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July 17, 2009

Jimmy Carter quits Southern Baptism over discrimination claims

The words of God do not justify cruelty to women | Jimmy Carter | Comment is free | The Observer Specifically, Carter says the new management of the Southern Baptist Convention support the oppression of women.
I have been a practising Christian all my life and a deacon and Bible teacher for many years. My faith is a source of strength and comfort to me, as religious beliefs are to hundreds of millions of people around the world. So my decision to sever my ties with the Southern Baptist Convention, after six decades, was painful and difficult. It was, however, an unavoidable decision when th e convention's leaders, quoting a few carefully selected Bible verses and claiming that Eve was created second to Adam and was responsible for original sin, ordained that women must be "subservient" to their husbands and prohibited from serving as deacons, pastors or chaplains in the military service. This was in conflict with my belief - confirmed in the holy scriptures - that we are all equal in the eyes of God. This view that women are somehow inferior to men is not restricted to one religion or belief. It is widespread. Women are prevented from playing a full and equal role in many faiths.

July 16, 2009

Ireland passes incredibly strict anti-blasphemy law

Ireland passes blasphemy law The law empowers the police to enter any home or business and seize any materials that are critical of any religion.
On Friday July 11th, 2009, Ireland passed the Defamation Bill by one vote. One of the aspects of this bill would make it illegal to criticize religion… any religion under penalty of fines up to 25,000 Euros. That is the equivalent to nearly $35,000. When I first heard this story on the internets, I was certain that it was a false story. I read the story, googled it, checked out legitimate Ireland news sites, and double checked more Ireland news sites. The story checks out. It seems that the Blasphemy Clause of the Defamation Bill was challenged in the legislature by an amendment which would delete such a clause. The amendment to delete the clause initially passed by one vote, but a request was made for a “walk-through vote.” During that time two more Senators came in and voted against the amendment to delete the clause. This meant that the clause would stay in the bill. The bill then passed by the same margin.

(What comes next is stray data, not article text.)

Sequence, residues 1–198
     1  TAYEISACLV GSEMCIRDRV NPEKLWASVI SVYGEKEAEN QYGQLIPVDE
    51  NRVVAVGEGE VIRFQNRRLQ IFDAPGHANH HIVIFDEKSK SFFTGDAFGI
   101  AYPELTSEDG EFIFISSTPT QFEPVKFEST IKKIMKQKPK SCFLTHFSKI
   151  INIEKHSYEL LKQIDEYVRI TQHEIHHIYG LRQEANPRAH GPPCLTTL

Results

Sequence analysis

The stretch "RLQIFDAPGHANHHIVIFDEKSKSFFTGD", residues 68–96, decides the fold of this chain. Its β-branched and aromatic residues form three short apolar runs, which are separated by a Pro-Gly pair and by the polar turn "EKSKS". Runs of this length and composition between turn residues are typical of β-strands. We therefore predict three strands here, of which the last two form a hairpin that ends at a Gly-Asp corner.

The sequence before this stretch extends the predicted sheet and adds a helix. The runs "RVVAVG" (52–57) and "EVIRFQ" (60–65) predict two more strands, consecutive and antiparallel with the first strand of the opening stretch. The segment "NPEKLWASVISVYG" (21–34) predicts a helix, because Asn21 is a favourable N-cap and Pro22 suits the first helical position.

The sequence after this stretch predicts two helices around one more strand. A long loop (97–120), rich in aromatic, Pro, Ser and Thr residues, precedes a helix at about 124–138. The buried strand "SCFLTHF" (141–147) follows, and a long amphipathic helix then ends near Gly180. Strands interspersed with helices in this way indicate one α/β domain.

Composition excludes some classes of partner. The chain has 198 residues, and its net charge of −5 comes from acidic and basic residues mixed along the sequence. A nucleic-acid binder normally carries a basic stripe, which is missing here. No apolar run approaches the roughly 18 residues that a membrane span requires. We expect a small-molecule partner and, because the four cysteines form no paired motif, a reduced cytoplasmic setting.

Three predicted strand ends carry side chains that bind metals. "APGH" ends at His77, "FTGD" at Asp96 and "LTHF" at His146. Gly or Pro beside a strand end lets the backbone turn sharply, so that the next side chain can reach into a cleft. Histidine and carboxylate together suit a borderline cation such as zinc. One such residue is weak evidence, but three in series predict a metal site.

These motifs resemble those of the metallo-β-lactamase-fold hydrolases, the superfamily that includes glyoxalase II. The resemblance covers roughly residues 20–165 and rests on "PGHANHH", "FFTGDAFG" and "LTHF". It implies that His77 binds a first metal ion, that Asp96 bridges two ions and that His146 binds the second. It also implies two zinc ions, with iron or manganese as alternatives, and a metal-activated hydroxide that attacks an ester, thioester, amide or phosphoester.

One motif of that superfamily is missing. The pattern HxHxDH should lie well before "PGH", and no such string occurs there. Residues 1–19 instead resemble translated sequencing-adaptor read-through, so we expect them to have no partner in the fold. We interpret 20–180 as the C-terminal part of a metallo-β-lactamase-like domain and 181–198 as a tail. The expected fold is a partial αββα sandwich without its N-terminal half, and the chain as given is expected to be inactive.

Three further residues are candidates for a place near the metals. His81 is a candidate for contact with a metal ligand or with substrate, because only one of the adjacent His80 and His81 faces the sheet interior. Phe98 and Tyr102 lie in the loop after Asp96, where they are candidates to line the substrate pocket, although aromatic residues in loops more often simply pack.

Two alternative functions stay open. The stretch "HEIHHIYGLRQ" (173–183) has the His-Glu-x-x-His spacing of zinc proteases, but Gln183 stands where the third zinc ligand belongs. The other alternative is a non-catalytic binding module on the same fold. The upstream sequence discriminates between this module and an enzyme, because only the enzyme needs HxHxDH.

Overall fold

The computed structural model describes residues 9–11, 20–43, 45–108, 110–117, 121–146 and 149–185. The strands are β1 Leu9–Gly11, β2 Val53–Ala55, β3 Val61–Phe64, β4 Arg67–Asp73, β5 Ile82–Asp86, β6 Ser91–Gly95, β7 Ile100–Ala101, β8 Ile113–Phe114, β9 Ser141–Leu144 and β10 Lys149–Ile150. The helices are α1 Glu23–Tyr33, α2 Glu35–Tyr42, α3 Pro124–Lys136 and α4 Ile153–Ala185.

July 14, 2009

Never work with dogs or children: Preacher baby

YouTube - baby preacher...

July 12, 2009

Steven Pinker on the appointment of a religious person to the NIH

Steven Pinker on Francis Collins -- Why Evolution Is True
I have serious misgivings about Francis Collins being appointed director of NIH. It’s not that I think that there should be a religious litmus test for public science administrators, or that being a devout Christian is a disqualification. But in Collins’s case, it is not a matter of private belief, but public advocacy. The director of NIH is not just a bureaucrat who tends the money pipleline between the treasury and molecular biologists (which is how many scientists see the position). He or she is also a public face of science, someone who commands one of the major bully pulpits for science in the country. The director testifies before Congress, sets priorities, selects speakers and panelists, and is in many regards a symbol for biomedical research in the US and the world. In that regard, many of Collins’s advocacy statements are deeply disturbing. For example, I see science as not just cures for diseases and better gadgets but an ideal for how to think about the most important issues facing us as humans– in particular, the ideal that we should seek truth through reason and evidence and not through superstition, dogma, and personal revelation. Collins has said that he came to accept the Trinity, and the truth that Jesus is the son of God, when he was hiking and came upon a beautiful triple waterfall. Now, the idea that nature contains private coded messages from a supernatural being to an individual person is the antithesis of the scientific (indeed, rational) mindset. It is primitive, shamanistic, superstitious. The point of the scientific revolution was to do away with such animistic thinking. This is not just autobiographical. Collins, in his book, eggs on fellow evangelical Christians in their anti-scientific beliefs. He tells them that they are “right to hold fast to the truths of the Bible” and to “the certainty that the claims of atheistic materialism must be steadfastly resisted.” Granted, he is not a young-earth or intelligent-design creationist. But he has stated that God interacts with creation, in particular, that he designed the evolutionary process to ensure that human intelligence, morality, and Judaeo-Christian religious belief would evolve.